Nuts And Diabetes

Nuts And Diabetes

Tweet Nuts provide a number of benefits for people with diabetes. Studies suggest that nuts may even decrease the risk of type 2 diabetes. A study published in the Journal of the American College of Nutrition found that "nut consumption was associated with a decreased prevalence of selected risk factors for cardiovascular disease, type 2 diabetes, and metabolic syndrome.[138] This page explores the various benefits of nuts for people with type 2 diabetes. Do different nuts have different health benefits for people with diabetes? Yes. Some nuts have benefits that others don't. Almonds contain a lot of nutrients, particularly vitamin E Walnuts contain healthy omega-3 fatty acids Cashews offers lots of magnesium Almonds, peanuts, and pistachios all reduce 'bad' cholesterol Almost all nuts offer something good for people with diabetes. Salted nuts, however, should be avoided. Excessive salt consumption is consistently linked to an increased risk of heart disease. Nuts and cholesterol One of the most prominent characteristics of nuts for people with diabetes is their effect on cholesterol levels. Avoiding high cholesterol levels is essential for people with diabetes, because exposure to high blood glucose levels increases the risk of the arteries narrowing. Almonds, peanuts, and pistachios all reduce "bad" cholesterol very effectively. "Bad" cholesterol refers to small, dense particles of low-density lipoprotein (LDL), too much of which can clog the arteries. Almonds, walnuts, pistachios, pecans, and hazelnuts reduce "bad" cholesterol by increasing levels of high-density-lipoprotein (HDL), or 'good' cholesterol. HDL clears out 'bad' cholesterol, thus reducing the risk of heart disease. Nuts and the glycemic index (GI) The glycemic index measures the speed at which your body Continue reading >>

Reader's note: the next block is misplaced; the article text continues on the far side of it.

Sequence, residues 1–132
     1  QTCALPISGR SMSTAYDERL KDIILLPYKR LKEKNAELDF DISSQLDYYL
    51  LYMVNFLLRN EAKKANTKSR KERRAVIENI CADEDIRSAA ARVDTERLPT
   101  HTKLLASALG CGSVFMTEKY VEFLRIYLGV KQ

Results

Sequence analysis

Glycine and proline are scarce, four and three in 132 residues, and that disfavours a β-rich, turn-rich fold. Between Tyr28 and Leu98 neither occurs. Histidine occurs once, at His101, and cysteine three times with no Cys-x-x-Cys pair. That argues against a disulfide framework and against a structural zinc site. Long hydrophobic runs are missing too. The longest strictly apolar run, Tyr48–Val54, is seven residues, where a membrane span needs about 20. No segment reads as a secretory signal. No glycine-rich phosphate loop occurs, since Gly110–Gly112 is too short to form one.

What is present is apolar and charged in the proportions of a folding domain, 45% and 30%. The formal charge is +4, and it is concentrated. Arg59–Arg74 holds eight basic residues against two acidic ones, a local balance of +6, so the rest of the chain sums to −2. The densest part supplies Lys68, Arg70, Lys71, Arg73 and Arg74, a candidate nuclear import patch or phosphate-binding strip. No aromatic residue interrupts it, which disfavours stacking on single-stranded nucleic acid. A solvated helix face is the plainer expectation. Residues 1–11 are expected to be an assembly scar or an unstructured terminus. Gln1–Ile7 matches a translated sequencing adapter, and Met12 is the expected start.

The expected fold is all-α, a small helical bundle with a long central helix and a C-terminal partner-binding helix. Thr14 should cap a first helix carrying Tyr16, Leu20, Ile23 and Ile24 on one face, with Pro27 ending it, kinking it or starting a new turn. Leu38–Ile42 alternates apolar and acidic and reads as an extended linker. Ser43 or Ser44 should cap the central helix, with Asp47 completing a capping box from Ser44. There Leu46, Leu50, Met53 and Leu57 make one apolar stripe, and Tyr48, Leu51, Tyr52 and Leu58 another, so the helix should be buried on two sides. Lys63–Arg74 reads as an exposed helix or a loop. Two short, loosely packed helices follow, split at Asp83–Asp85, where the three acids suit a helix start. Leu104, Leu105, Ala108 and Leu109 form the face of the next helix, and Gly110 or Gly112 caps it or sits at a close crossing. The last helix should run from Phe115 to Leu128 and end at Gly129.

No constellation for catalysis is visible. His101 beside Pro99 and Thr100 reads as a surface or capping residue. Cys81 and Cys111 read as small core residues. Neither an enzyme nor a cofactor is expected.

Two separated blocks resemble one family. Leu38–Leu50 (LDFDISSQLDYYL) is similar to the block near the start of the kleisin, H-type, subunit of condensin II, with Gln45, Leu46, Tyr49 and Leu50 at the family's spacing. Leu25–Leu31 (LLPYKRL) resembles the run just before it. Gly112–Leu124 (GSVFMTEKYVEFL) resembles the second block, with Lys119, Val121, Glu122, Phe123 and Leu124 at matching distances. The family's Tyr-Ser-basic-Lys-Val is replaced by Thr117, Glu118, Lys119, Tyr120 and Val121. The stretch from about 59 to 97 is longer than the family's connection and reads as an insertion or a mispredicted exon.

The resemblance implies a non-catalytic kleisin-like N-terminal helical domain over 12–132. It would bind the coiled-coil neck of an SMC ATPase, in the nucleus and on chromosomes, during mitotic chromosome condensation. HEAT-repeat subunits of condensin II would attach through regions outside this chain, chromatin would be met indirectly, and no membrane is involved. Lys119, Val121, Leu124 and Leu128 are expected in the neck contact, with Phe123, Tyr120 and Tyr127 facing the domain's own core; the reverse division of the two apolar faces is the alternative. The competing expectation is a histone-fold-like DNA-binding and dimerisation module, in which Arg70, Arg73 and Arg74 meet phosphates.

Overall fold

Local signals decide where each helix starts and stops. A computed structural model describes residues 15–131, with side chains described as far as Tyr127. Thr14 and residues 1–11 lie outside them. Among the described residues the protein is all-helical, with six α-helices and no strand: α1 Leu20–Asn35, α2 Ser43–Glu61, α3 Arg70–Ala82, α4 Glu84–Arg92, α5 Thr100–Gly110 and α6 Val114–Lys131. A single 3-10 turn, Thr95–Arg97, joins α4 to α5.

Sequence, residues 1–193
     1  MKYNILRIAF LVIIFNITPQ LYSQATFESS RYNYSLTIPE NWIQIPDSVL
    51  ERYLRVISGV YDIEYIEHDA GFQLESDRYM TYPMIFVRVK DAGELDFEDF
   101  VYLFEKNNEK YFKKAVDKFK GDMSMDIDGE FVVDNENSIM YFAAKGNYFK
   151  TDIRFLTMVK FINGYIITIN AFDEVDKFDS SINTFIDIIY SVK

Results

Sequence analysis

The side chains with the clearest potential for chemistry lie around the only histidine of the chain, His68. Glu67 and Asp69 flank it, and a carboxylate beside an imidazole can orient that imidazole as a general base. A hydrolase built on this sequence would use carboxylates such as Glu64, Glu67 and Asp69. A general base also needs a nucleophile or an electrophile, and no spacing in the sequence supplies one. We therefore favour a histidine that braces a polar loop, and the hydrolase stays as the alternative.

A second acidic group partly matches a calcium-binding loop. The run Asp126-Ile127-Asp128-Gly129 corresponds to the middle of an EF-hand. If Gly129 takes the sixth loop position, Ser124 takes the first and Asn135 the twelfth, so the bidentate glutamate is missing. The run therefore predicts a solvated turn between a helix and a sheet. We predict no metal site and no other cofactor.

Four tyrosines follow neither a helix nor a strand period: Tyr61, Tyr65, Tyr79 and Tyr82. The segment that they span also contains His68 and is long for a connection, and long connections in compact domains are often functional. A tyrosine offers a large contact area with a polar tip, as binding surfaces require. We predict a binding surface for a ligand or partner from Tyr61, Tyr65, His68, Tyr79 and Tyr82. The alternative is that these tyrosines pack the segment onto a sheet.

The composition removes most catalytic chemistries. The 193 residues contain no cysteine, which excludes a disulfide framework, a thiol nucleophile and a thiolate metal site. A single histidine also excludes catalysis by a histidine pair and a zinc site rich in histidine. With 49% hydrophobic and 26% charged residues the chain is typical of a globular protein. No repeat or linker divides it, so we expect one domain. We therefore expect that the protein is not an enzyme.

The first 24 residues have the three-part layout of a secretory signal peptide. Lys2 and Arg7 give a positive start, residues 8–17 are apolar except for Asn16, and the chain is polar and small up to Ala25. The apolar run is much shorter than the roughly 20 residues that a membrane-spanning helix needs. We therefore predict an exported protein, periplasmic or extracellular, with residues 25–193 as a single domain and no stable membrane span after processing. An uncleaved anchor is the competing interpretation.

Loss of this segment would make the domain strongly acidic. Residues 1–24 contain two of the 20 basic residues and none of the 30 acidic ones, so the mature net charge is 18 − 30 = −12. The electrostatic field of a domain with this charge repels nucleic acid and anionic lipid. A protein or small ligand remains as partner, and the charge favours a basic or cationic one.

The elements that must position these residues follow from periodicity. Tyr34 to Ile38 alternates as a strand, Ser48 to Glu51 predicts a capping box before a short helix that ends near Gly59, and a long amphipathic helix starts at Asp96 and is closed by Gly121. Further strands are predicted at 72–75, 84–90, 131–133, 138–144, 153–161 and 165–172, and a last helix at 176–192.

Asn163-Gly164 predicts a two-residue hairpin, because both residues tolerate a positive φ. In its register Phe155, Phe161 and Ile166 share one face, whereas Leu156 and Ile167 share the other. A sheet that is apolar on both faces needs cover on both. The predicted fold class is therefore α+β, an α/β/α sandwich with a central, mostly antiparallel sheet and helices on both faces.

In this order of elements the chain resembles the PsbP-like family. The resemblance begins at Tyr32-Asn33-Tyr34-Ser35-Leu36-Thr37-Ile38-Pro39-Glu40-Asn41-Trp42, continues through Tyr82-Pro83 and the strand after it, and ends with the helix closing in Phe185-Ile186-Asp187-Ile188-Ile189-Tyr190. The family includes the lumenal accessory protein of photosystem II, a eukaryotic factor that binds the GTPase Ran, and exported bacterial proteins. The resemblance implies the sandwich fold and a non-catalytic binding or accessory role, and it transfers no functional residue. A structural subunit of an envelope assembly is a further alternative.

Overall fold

Pistachios Could Help You Avoid Diabetes | Daily Mail Online

Pistachios Could Help You Avoid Diabetes | Daily Mail Online